But she hadn’t allowed the time taken for Dido to travel to adventures in the Andes (The Stolen Lake, 1981) and the Spice Islands (Limbo Lodge 1999) before returning to London for Richard IV’s November coronation, in 1836 at the earliest.

These kinds of discrepancies bedevil any firm chronology, so much so that I am tempted to propose a novel theory to explain the existence and proliferation of so many anomalies.

It’ll be a Whovian timey-wimey thing…

The Twite universe encompasses a paracosm or alternative world, in which history diverged from our own at the point where the Hanoverian dynasty didn’t actually succeed to the throne. Whether this happened in 1688, at the death of James II (James VII of Scotland) or at the death of his daughter Anne in 1714 isn’t clear. The first inkling we have in the Wolves Chronicles that we aren’t in the Georgian period is when James III becomes king in 1832.

Now here’s where my TWITE theory (Time Wobbles In This Era) comes in. With the possibility of a dynastic disruption to the timeline in our world the alternative world of the Chronicles wobbled into being. But that set up further disturbances, not just to history, technology and so on but also to geography: the terrain of Britain, South America and the Spice Islands, for example, all somehow morphed without inhabitants becoming aware of it.

Psychic changes are happening as well: prophecies and intimations, extrasensory perceptions and synchronicities are all increasingly in evidence following the mundane events of the first Wolves Chronicle.

There’s more: ongoing chronological ripples not only upset dating during the early nineteenth century but spread back in time: Britons migrated to South America in Arthurian times, for instance, and as we approach the events in the final Chronicles we will find that those perturbations will result in the wholesale reconfiguring of the past history of northern Europe.

And that’s why any firm dating of events in this novel is proving impossible to fix: history is not only being made but also remade before our very eyes.

7 thoughts on “Twisted timelines

    1. “Rearrange the history of the 19th century a little“?! “Easy?” I would once have thought so too except she wasn’t able to resist (nor would I have) adding elaborations. And wonderful elaborations they were too!

      I realised, Lizza, I had a choice: to put down the inconsistencies to my incorrect calculations — very possible — or to lay them at the door at the Author — impossible! The simplest solution I could come up with was the Twite theory, which had the inconsistencies built in; and I think I’m correct in thinking the Author must’ve had it at the back of her mind all along, leaving investigators like me to rediscover it!

      I’m looking forward with equal part trepidation and excitement to Lady Titania’s prophecies: I wonder if she was aware of Alice Nutter’s predictions, as explored in Gaiman and Pratchett’s Good Omens? I do hope so! 🙂

      Liked by 1 person

  1. You know I’m a sucker for your Didoverse timeline posts! I am tempted to agree with your TWITE theory though; re-reading these books in order to reconstruct the timeline and universe is like assembling a jigsaw puzzle where the pieces morph ever so slightly after each new part of the scene appears.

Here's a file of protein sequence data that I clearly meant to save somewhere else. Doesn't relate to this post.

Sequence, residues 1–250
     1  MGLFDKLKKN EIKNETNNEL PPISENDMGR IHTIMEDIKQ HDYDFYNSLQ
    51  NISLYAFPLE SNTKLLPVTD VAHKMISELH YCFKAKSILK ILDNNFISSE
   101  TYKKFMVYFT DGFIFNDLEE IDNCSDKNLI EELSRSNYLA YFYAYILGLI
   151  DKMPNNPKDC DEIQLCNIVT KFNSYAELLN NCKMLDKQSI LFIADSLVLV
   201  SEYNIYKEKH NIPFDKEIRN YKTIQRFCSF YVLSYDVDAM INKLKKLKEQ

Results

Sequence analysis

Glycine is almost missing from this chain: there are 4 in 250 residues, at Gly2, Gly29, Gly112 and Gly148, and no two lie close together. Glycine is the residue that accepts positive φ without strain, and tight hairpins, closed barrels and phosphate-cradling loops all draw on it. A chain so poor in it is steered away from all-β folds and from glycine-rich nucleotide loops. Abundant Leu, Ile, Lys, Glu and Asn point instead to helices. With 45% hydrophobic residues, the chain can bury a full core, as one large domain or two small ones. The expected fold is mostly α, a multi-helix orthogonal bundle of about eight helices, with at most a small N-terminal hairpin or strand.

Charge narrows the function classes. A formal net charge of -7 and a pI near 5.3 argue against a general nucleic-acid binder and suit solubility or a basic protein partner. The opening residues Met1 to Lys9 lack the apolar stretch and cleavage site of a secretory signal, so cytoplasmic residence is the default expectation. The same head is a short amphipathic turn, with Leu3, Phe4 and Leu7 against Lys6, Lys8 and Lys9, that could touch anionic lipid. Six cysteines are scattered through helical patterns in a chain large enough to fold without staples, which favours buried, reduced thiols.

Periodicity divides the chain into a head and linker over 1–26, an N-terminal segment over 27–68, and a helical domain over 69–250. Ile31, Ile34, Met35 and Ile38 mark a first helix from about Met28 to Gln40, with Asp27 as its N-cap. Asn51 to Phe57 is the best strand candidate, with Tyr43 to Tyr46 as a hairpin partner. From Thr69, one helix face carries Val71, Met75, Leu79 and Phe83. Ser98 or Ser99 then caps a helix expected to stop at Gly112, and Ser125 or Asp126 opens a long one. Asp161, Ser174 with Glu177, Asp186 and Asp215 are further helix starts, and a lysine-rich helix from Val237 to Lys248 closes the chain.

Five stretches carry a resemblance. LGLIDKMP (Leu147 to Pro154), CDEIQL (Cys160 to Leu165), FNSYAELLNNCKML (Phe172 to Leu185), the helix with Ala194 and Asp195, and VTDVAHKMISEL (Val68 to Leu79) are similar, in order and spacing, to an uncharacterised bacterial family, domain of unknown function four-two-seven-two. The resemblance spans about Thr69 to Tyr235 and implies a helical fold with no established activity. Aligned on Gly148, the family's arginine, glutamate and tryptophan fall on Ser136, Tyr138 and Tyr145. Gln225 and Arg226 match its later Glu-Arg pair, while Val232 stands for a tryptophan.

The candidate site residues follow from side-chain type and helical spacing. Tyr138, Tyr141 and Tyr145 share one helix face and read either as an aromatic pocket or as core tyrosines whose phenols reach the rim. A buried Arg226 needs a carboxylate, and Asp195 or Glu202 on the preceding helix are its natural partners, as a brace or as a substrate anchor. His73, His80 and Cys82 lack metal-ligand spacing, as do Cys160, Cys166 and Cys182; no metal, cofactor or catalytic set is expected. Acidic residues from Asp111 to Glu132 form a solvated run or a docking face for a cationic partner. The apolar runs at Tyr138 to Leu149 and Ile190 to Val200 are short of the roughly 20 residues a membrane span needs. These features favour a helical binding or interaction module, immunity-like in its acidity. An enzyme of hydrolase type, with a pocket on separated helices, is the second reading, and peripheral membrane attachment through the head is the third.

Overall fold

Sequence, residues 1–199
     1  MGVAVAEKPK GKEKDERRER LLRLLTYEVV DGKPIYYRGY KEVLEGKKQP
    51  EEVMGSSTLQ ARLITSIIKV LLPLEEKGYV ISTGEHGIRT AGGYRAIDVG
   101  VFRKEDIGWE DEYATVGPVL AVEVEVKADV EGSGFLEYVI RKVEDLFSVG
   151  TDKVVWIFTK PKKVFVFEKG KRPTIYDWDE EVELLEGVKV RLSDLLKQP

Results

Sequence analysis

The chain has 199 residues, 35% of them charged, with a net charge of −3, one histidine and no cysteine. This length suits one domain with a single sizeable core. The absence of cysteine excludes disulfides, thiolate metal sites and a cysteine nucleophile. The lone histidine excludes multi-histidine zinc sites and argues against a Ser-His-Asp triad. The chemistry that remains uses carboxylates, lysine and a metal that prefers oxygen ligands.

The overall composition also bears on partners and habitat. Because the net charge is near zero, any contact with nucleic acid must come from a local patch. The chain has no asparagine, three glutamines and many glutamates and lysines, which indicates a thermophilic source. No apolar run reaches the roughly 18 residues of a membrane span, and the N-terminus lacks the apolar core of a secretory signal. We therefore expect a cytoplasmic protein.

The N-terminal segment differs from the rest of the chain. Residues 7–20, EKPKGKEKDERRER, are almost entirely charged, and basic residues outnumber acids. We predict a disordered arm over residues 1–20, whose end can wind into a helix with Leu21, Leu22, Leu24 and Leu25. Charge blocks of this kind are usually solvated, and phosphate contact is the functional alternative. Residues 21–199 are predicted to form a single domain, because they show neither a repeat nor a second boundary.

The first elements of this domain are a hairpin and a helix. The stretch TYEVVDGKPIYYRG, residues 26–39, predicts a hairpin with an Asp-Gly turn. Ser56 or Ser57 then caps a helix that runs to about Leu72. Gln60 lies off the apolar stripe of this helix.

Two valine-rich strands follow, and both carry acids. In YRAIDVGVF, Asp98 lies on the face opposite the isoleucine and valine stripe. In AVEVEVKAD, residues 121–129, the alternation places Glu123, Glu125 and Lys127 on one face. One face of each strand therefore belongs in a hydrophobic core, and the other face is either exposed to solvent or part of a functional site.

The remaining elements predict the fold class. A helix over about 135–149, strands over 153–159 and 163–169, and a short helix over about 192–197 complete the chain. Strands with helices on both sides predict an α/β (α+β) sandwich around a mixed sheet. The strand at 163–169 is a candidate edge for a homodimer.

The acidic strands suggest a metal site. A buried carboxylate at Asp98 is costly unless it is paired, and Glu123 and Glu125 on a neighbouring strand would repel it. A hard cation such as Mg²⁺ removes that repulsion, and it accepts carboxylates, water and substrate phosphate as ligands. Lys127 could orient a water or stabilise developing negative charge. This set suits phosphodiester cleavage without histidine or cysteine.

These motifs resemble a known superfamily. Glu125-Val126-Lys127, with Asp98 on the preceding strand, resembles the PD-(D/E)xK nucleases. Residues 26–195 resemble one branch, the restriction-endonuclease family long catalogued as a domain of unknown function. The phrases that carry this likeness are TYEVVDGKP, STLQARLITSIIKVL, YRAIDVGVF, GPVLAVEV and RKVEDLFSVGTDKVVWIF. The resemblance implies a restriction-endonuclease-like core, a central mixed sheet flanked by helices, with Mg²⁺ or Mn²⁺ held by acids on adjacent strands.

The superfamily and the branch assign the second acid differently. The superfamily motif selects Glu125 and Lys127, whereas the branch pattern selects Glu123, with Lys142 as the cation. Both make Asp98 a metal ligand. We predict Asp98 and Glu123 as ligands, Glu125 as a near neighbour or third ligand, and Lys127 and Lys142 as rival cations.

As a simple more mundane question, do you recall where it’s stated that Simon and Sophie are twins? Somehow after reading and re-reading the cycle that fact has eluded me, and my own attempt at a timeline assumes Sophie is a year younger than Simon! I’m sure your reconstruction is more reasonable than mine, though…

    Liked by 1 person

    1. I had to retrieve this comment from WP spam (which I occasionally check to see if any genuine messages land up there) making me wonder how many more of your comments have disappeared into the aether. Good to hear from you again, John, and I’m glad you approve my TWITE theory!

      You’ve got me in a pother now about Simon and Sophie, I’m now going to have to trawl through not just my notes but previous novels — Battersea, Tree and Pa, maybe even Willoughby — to see what led me to this contentious conclusion. (Some discussion here:

      My consolation was that Lizza never expressed doubts about my assumption; I shall have to ruminate and reply more fully here in a while, or even write a post about it! Watch this space…


    2. It’s taken me some time but I’ve found the reference to Simon and Sophie being twins, John. I had at first been looking at the family tree in Black Hearts in Battersea but of course neither sibling is mentioned there, and I would have had to trawl through that novel and The Cuckoo Tree to locate my supposition, but it’s been there in Dido and Pa hiding in plain sight at the beginning: the rejigged family tree to exclude Justin clearly shows Lord Henry Bayswater and Simon Riviere (who died in 1818 during the Hanoverian wars) being the parents of twins Simon and Sophie. Phew! I had a bit of a panic then!


    1. Several SF books posit the history-remade-before-your-eyes scenario: Philip K Dick’s Ubik is one I remember, as is Ursula Le Guin’s The Lathe of Heaven — both are novels I never got round to reviewing back in the day, and I very much want to revisit them. Sadly, time never wobbles for me, and I don’t seem to be able to find opportunities to read and reread all I want to…